And so is the trend in entrepreneurship in the U.S. right now.
Fewer Americans started businesses in 2013 than in 2012, marking the third straight year of declines, according to the latest Kauffman Index of Entrepreneurial Activity. But the silver lining is that, due to a rebounding economy, more people are starting their own companies because they see an opportunity — not because joblessness has forced them to.
In 2013, 78.2 percent of new entrepreneurs were not coming out of unemployment when they launched their businesses, the Kauffman Foundation found. In 2009, as the economy struggled to emerge from the Great Recession, that number was a lower 73.8 percent.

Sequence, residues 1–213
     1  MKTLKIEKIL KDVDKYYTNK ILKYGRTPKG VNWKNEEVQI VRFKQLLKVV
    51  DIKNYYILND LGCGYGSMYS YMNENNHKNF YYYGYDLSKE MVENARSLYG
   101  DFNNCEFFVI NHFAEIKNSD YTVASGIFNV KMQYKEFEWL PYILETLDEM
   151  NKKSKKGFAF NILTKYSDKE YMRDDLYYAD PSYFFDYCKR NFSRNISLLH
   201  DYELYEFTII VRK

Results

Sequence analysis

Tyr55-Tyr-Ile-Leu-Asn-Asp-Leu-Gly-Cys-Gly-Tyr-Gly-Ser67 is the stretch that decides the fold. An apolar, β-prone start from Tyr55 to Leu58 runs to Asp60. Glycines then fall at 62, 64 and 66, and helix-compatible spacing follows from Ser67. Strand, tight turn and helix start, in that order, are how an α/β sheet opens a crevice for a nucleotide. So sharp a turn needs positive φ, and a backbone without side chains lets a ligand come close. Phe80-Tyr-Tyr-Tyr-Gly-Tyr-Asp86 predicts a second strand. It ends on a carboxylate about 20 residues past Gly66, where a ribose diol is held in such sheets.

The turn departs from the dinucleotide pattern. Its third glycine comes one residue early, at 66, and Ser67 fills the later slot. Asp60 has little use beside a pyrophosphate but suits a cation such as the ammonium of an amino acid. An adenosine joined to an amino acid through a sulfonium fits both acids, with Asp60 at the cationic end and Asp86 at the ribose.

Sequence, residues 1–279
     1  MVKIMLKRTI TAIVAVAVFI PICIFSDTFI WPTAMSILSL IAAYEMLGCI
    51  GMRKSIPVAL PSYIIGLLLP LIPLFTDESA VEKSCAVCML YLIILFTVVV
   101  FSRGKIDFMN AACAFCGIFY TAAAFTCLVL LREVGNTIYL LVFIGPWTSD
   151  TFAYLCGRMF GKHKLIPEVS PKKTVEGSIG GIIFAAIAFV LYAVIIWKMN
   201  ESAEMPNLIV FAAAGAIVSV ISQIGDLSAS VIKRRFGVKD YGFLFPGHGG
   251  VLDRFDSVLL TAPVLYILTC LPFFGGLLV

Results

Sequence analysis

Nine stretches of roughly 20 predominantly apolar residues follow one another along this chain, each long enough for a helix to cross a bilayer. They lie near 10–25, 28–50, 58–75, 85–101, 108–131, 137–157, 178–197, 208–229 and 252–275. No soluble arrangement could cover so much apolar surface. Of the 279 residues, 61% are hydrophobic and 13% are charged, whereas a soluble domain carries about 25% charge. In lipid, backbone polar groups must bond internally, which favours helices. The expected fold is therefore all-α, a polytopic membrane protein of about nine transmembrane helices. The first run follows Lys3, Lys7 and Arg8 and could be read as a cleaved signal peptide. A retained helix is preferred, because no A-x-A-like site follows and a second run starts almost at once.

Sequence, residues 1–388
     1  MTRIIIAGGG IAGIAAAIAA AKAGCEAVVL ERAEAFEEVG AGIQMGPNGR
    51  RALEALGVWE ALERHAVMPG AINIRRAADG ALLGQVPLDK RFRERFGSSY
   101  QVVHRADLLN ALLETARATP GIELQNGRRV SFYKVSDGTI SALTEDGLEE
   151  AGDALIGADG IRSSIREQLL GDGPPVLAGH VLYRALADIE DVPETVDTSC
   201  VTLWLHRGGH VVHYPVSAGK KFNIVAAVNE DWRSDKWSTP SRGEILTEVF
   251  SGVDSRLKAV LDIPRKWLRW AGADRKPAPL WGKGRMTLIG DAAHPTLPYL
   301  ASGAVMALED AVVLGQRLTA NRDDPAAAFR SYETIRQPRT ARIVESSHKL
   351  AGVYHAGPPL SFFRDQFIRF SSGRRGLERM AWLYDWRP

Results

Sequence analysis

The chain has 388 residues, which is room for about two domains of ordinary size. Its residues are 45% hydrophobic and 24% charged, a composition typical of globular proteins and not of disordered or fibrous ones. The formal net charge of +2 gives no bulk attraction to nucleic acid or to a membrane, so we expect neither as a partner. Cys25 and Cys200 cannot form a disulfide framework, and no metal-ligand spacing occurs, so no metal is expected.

A big reason that people launch businesses is because they are unemployed and unable to re-enter the workforce; in other words, they do so out of necessity. This kind of entrepreneurship, while real, is very different than the case of a gainfully employed person who sees an opportunity in the marketplace and decides to strike out on his own to pursue it.
With the unemployment rate down to 6.7 percent at the end of 2013, fewer people fall into the category of “necessity entrepreneurs,” the nonpartisan Kauffman Foundation argues.
“While we have speculated in recent years that changes in entrepreneurship rates could be driven by labor market conditions, this new data provides the strongest evidence we’ve seen of this correlation,” said Dane Stangler, vice president of Research and Policy at the Kauffman Foundation, in a written statement.
For additional data on the demographics, gender and geographic location of those adults who are starting businesses in the U.S., take a look at the infographic generated by the Kauffman Foundation below.